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A Polymer Blend with Conductive Plastics

In an article recently published in the open-access journal Polymers, researchers presented the development of aluminum (Al) platelet-based conductive plastics in a poly(butylene terephthalate) (PBT) - poly(ethylene terephthalate) (PET) polyester blend with co-continuous morphology.

Study: Conductive Plastics from Al Platelets in a PBT-PET Polyester Blend Having Co-Continuous Morphology. Image Credit: Gorodenkoff/Shutterstock.com

Background

Due to applications in electronics and the burgeoning electric car industry, there is a demand for thermally and electrically conductive plastics. Electronic housings must be lightweight, thus conductive polymers would be an excellent choice. Electromagnetic interference (EMI) and radio frequency interference (RFI) from neighboring devices prevent ordinary plastics from being utilized for in-house electronics.

Electronic packaging, light-emitting diode (LED) assembly, and the developing electric car sector all use thermally conductive composites for heat dissipation and heat management. The hunt for conductive plastics continues since meeting all of the needed parameters at the same time is challenging. Some of the conductive plastics principles have been established.

Placing conductive fillers in polymer matrices produces conductive polymers. Because it supports the establishment of a 'segregated conducting network,' a conductive filler in a binary polymer blend with a co-continuous morphology is more effective than in a single polymer.

Schematic diagram of the composite preparation process.

Schematic diagram of the composite preparation process. Image Credit: Alhamidi, A et al., Polymers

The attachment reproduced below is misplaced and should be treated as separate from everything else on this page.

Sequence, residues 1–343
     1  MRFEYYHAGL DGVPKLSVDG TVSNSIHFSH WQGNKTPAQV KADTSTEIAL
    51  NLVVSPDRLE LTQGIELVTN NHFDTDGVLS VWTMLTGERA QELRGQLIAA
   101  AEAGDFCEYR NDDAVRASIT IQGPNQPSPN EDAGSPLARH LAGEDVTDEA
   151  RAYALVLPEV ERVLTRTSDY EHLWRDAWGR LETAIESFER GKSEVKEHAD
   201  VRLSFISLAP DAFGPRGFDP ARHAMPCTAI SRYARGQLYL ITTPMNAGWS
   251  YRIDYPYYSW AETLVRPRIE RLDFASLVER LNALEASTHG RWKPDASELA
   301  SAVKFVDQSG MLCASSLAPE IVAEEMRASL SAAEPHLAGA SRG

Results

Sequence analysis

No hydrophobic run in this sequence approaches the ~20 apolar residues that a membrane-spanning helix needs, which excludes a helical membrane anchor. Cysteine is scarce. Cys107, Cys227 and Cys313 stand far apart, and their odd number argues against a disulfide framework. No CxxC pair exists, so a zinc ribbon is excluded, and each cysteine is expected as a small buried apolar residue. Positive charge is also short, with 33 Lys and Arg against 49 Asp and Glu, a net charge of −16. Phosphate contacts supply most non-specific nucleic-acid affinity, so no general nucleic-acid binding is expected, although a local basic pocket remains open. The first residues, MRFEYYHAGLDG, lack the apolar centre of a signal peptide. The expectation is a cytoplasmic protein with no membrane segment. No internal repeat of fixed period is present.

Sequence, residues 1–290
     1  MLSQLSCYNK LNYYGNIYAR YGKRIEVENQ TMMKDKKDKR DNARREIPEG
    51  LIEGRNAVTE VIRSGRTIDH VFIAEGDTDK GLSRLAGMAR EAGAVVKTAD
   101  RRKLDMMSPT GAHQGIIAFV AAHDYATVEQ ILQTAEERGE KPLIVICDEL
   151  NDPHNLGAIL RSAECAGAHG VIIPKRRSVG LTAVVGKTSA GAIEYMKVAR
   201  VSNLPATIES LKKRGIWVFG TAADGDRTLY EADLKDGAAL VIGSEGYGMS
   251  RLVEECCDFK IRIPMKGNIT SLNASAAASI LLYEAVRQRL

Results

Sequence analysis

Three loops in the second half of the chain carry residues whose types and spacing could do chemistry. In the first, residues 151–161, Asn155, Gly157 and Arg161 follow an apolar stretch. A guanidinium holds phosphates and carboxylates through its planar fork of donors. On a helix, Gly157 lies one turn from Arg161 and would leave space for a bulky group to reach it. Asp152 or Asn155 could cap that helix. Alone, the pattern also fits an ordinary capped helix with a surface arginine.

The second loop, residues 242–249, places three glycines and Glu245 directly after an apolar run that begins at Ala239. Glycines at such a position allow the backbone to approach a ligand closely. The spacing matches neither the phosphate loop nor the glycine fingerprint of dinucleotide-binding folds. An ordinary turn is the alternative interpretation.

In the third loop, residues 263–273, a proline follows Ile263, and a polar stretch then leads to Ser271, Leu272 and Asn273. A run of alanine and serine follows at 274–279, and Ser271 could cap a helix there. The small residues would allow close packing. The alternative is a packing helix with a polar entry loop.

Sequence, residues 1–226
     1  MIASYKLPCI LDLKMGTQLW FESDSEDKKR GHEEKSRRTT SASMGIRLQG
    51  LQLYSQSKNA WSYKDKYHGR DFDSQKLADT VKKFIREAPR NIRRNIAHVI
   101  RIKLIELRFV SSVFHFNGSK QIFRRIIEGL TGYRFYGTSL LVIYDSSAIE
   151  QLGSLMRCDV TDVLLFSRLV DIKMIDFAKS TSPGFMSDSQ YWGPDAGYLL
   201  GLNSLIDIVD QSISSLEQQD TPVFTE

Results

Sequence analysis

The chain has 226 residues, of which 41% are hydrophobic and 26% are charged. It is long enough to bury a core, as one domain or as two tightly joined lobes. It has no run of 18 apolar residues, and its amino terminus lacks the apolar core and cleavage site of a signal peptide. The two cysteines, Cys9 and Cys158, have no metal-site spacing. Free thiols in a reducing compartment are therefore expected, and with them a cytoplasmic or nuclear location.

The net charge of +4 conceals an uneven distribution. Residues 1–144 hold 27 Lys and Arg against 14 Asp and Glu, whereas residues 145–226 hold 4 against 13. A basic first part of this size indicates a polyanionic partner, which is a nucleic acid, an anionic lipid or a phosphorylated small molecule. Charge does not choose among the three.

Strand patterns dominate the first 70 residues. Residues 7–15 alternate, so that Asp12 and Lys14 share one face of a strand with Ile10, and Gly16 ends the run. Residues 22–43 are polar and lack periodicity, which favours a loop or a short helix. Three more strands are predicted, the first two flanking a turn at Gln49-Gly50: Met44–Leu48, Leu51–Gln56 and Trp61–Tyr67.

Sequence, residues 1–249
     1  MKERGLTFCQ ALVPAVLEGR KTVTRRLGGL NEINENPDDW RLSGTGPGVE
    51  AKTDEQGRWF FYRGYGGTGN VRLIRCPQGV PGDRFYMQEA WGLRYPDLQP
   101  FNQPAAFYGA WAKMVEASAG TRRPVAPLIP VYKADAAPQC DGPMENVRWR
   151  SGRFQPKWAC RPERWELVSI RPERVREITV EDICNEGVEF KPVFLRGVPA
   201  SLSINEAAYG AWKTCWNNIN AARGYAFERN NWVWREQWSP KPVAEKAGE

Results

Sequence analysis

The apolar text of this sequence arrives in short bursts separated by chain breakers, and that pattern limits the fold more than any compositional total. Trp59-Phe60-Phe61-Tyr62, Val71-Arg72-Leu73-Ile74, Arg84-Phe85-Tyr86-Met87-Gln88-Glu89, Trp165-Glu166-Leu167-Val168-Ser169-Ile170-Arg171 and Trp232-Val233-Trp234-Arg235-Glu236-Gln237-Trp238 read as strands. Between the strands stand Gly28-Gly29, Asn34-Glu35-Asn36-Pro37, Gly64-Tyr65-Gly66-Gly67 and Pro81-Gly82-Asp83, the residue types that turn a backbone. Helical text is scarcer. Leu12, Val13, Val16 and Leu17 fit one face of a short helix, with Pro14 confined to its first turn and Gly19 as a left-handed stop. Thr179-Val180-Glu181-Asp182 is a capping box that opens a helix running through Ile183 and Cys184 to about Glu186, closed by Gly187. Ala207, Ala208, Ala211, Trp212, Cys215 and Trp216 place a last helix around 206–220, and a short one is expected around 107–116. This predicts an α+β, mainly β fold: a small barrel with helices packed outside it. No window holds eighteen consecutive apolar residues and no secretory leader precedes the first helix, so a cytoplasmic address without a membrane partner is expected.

About the Study

In the present study, the authors presented the placement of Al nanoplatelets, a comparatively low-cost conductive filler, in a 60/40 PBT/PET polymer combination. The feasibility of creating a conductive composite with Al platelets by combining them with a 60/40 PBT/PET blend was investigated. This mixture produced a co-continuous morphology which was favorable to the double percolation mechanism, in which conductive particles clustered at domain boundaries and formed a segregated electrically conductive network.

The Al platelets were inserted into a PBT-PET polyester mix with a weight composition of 60/40 to create a co-continuous immiscible blend that allowed for electrical conductivity percolation. To reduce hydrolysis during the melt compounding process, the PET and PBT pellets were dried in an oven at 120 °C for 24 hours. PET and PBT pellets, as well as Al nanoplatelet powder, were combined together physically. With a total injection period of 45 seconds, the mold temperature and holding pressure were kept at 24–26 °C and 6 bar, respectively.

A field emission scanning electron microscope was used to examine the morphology of the Al-60/40 PBT/PET bar at a 5 kV accelerating voltage. Wide-angle X-ray diffraction (XRD) patterns of the unfilled PBT, PET, 60/40 PBT/PET bars and the Al-filled 60/40 PBT/PET bars were recorded using Cu-K radiation to determine the long-range order in the matrix. Differential scanning calorimetry was used to evaluate the melting and crystallization behaviors of PBT, PET, the 60/40 PBT/PET mix, and the Al/PBT/PET bars.

After annealing at 150 °C in an oven for 30 minutes, the length shrinkage of the as-molded bars of amorphous PET, 20 vol.% Al-PET, 60/40 PBT/PET, and 20 vol.% Al-60/40 PBT/PET was measured.

Flexural parameters were determined, including flexural modulus, flexural strength, and strain at maximum tension. The impact resistance of the Al-PBT/PET composites, the resistivity of injection-molded plaques, and the thermal conductivity of the 60/40 PBT/PET blend and its composites were also evaluated.

SEM image of Al nano platelet particles.

SEM image of Al nano platelet particles. Image Credit: Alhamidi, A et al., Polymers

Observations

While placing 25 vol.% of the Al nanoplatelets in a single polymer (PET) resulted in a material with the resistivity of an insulator (1014 Ωcm), placing the same Al nanoplatelets in a 60/40 PBT/PET blend resulted in a material with the resistivity of an electrostatic charge dissipation material (7.2 x 107 Ωcm).